That binding man from Mukah

  • Community
  • Wednesday, 06 Apr 2011

Taib’s politics of development over the past 30 years may have risen from the Melanau sago culture.

MELANAU, sago and Taib Mahmud have become synonymous with Mukah, making it an attractive destination for political and sight-seeing tourists alike.

Sago and fishing are the economic mainstay of the Melanau people and these two activities have moulded the lifestyle and ambience of the locality.

Mukah Division on the coast of the central region is among the areas that were developed after Sarawak joined Malaysia in 1963.

The earliest records about the area are found in the annals of the Majapahit empire indicating that Melano was among the areas that paid tribute to the empire.

It was annexed into Brunei in the 13th century and was later sold to Brooke in 1860 to become part of the territory that is Sarawak today.

Notwithstanding its history, the Melanau people are among the earliest indigenous groups of Mukah to have contact with the outside world.

The community’s long history, legendary tales and myths add colour to the locality. It has produced many notable leaders, including Tan Sri Abdul Taib Mahmud, 74, the incumbent assemblyman for Balingian and Chief Minister of Sarawak.

He has held a tight rein on the state with his leadership for 30 years. He has indicated that he will step down in two to three years and that the 10th state election will be his last.

Many may have asked how the Melanau, who make up only 6% of Sarawak’s population, could have come up with a leader like Taib,

Some say it’s the sticky sago that they eat. Like the sago, the community has always been united by itself and also via entities like the Barisan Nasional and the Parti Pesaka Bumiputera Bersatu, which Taib has led for 30 years.

According to Mukah walikota Ali Suhaili: “When we eat linut (sago starch), we also consume lots of other food like fish, sambal and ulam, and all these foods are gelled together by the linut.”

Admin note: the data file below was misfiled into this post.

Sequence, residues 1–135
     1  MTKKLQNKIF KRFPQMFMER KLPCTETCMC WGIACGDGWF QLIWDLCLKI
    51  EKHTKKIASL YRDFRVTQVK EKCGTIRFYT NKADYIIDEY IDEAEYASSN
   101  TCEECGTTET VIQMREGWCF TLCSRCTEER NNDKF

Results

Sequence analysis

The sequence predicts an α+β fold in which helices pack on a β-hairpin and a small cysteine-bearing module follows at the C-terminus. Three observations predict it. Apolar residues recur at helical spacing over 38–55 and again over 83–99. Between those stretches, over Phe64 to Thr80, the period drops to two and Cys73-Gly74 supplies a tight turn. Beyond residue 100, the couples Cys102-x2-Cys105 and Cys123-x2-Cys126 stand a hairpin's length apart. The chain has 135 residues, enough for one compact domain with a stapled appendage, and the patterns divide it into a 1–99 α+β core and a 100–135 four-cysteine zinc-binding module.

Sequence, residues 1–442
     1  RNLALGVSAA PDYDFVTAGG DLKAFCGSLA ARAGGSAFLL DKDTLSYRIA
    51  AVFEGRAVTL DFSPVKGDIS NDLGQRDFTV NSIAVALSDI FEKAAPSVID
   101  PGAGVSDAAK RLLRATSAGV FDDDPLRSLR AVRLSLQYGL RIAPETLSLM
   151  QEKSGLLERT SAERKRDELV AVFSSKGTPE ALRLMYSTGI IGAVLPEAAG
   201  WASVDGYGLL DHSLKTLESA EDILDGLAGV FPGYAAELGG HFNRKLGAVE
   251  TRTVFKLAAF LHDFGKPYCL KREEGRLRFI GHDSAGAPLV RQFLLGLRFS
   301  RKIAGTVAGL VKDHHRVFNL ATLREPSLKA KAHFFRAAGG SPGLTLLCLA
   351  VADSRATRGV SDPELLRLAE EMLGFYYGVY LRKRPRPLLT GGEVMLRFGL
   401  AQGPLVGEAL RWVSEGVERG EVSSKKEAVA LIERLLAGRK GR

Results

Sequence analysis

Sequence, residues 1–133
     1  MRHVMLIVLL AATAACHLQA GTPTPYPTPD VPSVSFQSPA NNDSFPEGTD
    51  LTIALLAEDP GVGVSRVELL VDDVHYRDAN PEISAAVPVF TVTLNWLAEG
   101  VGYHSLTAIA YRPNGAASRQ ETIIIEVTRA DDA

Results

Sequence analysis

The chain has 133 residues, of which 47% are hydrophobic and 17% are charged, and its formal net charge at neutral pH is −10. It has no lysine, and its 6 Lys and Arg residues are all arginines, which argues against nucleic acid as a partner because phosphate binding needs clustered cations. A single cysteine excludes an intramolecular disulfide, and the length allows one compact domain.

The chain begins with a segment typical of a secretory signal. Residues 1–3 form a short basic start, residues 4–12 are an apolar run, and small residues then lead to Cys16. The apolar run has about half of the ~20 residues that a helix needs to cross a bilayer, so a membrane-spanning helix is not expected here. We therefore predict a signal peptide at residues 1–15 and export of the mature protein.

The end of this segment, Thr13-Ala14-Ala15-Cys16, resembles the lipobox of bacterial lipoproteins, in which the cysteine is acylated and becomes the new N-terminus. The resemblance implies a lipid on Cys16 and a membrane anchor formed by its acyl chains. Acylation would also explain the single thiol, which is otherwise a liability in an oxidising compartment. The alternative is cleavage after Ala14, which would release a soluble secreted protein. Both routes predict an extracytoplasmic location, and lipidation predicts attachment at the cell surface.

Perhaps this uniting factor of sago can be seen in the way Taib has managed the state’s politics over the past 30 years.

He united the ethnic groups under their political parties with his politics of development.

Another insight is that Taib had to look beyond race for a common factor to unite the people, and he found this in the need to progress and upgrade their living standard.

To him, unity is the key to power, and power creates the political will to plan and develop the state.

This idea was translated into Taib’s politics of development – the main concept that brought development to Sarawak in the past 30 years.

The sago responsible for moulding the Melanau way of life and thinking is from a palm tree that attracts tourists to Mukah.

After Taib switched seats from Asajaya to Balingian in 2001, Balingian has seen a massive transformation. Apart from major infrastructural development like roads and town expansion, Mukah is designated as a smart city and a destination for eco-ethnic tourism.

Its main attraction is the sago and it is used by the Melanau. The Lamin Dana sago tour packages sold by various European tour agents brought in more than a 1,000 tourists who came just to see the sago palm and experience the locality.

Sago is definitely a binding analogy in the Melanau people’s political world view, and it is also sago that gives rise to foreign tourists and politicians in Mukah.

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